Posted by Melissa Eisenberg on February 17, 2019 06:51:17While we’re still waiting for the CABIC to report, here are some key takeaways from the AFL’s new collective bargaining agreement.
What’s in the new CBA?
The CBA includes three new elements.
The first is the introduction of the “CBA’s cascading” effect.
This is where a team can negotiate an agreement with an outside entity that can make the same demands in the same manner but has a higher negotiating power and more influence over the agreement.
For example, a team that wins the flag but loses the AFL Grand Final will not get to negotiate with the AFL for a similar deal.
The AFL has said it expects teams to negotiate for three years to “re-establish the bargaining position of the clubs”.
It’s an option that would be attractive to AFL clubs as the current CBA only expires in 2020, and the AFL would like to retain a strong position.
The second is the elimination of the five-year “rule of thumb” and the use of a formula for calculating the salary cap.
The AFL has a long history of using the rule of thumb, and in this instance it’s the only factor used.
This formula allows for teams to increase their salary cap to around $4.2 million a year, or around $6 million a team in the 2017 season, without having to exceed the salary caps of other teams in the competition.
The rule of thumbs were introduced in 2017 as a way of balancing the salary budget.
The rule of threes were meant to be an “effective mechanism” to reduce the impact of the salary-cap laws.
It has been widely criticised as unfair and it was abolished in 2021.
It’s the third element, the introduction and retention of a salary cap that has attracted the most attention from the industry.
The cap will be capped at $2.1 million a season for players and $2 million for the clubs.
This will be higher than the $2,000,000 cap the AFL has been using since 2016.
While the AFL says the cap will have to be capped to “protect the integrity of the competition”, the salary figure it’s proposing is a massive jump from the $1.2 billion cap the club can earn without a cap.
The fourth element is the creation of a new salary cap for teams in other sports, which is likely to be less than the cap.
While there is a chance that some of the existing sports will have lower caps, this is not a certainty.
The fifth element is a new “rule on the table” to determine the salary range for each team, which could include an increase of more than $2 per week, or a decrease of $1 per week.
While this is a huge change, it is not necessarily a bad one.
There are still many details to work out before the CAA is ratified.
The new CAA has a couple of key benefits for the AFL, including the ability to negotiate directly with other teams.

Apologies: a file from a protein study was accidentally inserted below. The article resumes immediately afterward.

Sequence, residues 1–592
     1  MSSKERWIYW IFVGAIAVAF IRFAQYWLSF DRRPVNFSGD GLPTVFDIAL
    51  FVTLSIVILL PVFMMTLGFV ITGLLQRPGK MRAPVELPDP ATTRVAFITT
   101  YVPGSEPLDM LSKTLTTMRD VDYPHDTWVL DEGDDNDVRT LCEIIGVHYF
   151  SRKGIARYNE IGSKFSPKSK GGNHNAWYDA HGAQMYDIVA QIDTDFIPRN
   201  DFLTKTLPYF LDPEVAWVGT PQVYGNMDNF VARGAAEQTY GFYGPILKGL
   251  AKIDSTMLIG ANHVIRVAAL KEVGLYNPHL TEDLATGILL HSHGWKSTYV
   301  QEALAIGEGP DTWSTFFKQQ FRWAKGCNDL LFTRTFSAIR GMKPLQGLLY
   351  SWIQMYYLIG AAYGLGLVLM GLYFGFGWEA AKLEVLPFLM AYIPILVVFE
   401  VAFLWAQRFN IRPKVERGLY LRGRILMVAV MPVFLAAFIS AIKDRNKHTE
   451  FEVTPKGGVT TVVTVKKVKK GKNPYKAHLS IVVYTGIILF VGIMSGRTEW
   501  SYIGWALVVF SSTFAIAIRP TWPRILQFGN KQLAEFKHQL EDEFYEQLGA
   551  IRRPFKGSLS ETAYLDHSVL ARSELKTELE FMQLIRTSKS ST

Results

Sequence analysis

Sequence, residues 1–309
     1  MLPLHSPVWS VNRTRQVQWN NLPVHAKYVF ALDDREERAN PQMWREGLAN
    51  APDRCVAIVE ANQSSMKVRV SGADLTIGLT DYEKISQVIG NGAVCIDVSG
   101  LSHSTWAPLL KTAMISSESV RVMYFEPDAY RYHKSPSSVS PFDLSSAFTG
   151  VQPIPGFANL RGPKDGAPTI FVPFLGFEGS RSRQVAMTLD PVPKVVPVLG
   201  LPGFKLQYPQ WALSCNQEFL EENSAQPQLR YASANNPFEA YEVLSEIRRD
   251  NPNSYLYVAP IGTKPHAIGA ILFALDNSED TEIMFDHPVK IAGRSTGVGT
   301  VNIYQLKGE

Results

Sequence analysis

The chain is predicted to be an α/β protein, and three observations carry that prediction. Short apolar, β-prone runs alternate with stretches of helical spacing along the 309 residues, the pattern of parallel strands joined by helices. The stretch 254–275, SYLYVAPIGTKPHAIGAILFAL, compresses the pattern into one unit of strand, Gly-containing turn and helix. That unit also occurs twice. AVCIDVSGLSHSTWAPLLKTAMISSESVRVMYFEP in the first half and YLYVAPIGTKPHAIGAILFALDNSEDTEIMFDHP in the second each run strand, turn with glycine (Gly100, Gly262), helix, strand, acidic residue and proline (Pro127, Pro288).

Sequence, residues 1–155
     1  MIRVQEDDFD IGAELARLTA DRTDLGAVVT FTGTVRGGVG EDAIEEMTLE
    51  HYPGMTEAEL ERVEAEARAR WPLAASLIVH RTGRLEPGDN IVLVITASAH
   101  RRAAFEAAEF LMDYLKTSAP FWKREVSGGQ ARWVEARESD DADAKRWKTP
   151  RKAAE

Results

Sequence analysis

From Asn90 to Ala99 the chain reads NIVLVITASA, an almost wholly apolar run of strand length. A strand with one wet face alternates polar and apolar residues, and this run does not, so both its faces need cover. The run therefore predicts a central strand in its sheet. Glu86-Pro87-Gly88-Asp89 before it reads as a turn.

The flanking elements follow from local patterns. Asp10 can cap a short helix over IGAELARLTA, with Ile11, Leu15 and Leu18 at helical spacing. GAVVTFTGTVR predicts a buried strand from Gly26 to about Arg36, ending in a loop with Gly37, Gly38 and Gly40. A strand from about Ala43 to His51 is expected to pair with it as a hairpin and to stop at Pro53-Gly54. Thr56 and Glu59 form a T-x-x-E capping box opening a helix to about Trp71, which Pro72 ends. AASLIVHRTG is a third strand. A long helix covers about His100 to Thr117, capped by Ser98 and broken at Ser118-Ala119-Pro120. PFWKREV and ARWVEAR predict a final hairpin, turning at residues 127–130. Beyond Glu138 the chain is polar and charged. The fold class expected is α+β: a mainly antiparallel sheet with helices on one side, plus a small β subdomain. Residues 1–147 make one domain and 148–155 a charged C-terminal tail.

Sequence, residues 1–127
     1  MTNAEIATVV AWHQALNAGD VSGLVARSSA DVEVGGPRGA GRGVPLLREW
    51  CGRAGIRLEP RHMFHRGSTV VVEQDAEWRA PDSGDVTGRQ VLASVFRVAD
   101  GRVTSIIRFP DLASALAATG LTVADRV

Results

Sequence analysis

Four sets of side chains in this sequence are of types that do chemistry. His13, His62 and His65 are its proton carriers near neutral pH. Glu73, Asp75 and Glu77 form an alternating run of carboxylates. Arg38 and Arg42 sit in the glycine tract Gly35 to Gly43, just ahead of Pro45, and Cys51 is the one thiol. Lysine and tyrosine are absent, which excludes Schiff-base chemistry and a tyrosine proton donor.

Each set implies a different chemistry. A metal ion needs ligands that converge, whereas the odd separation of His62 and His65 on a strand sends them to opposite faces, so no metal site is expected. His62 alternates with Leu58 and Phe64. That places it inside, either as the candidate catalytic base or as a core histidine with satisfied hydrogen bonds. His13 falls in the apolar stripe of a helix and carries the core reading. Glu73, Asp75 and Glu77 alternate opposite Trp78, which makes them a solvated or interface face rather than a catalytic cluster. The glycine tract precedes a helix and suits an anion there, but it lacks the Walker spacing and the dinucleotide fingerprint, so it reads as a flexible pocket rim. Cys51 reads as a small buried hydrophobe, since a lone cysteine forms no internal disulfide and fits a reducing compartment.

This means the AFL can negotiate with teams directly in a negotiation session and negotiate the salary levels with clubs.
This would be an important change, as the salary figures currently negotiated by the AFL are “burdensome” to other clubs.
The biggest question about the CAC is how much the salary changes will affect the salary structure of the AFL.
The salary cap will continue to be at $4 million per team for the next two seasons, with the next cap in 2022 being about $6.2m.
The CAC has also said it will increase the salary for players.
This is expected to lead to a rise in the salary of players, although the CAG is yet to release details of what this increase will be.
In other words, it’s a tough sell to AFL players that the salary increases are coming.
There are two main ways to interpret the new salary structure.
The first is that it will have a significant impact on the salary structures of other AFL clubs.
However, this argument ignores the fact that this change has the benefit of creating a salary structure for other teams, with a higher salary cap in 2021 and higher cap for 2022.
It will also lead to an increase in the wage gap between players and the wages paid to the AFLPA, which will lead to increased salary demands for other AFL players, which would further increase the wagegap between players.
This increase in wages could have a detrimental effect on the salaries of players in other AFL leagues.
For instance, a player who plays in the NAB Rising Star game, for example, will receive about $2 more than the salary earned by someone who plays for the WAFL or Collingwood.
It is not clear what the impact will be on other clubs, including Victorian clubs.
Some have argued the new cap will create a salary imbalance in their clubs, and they will seek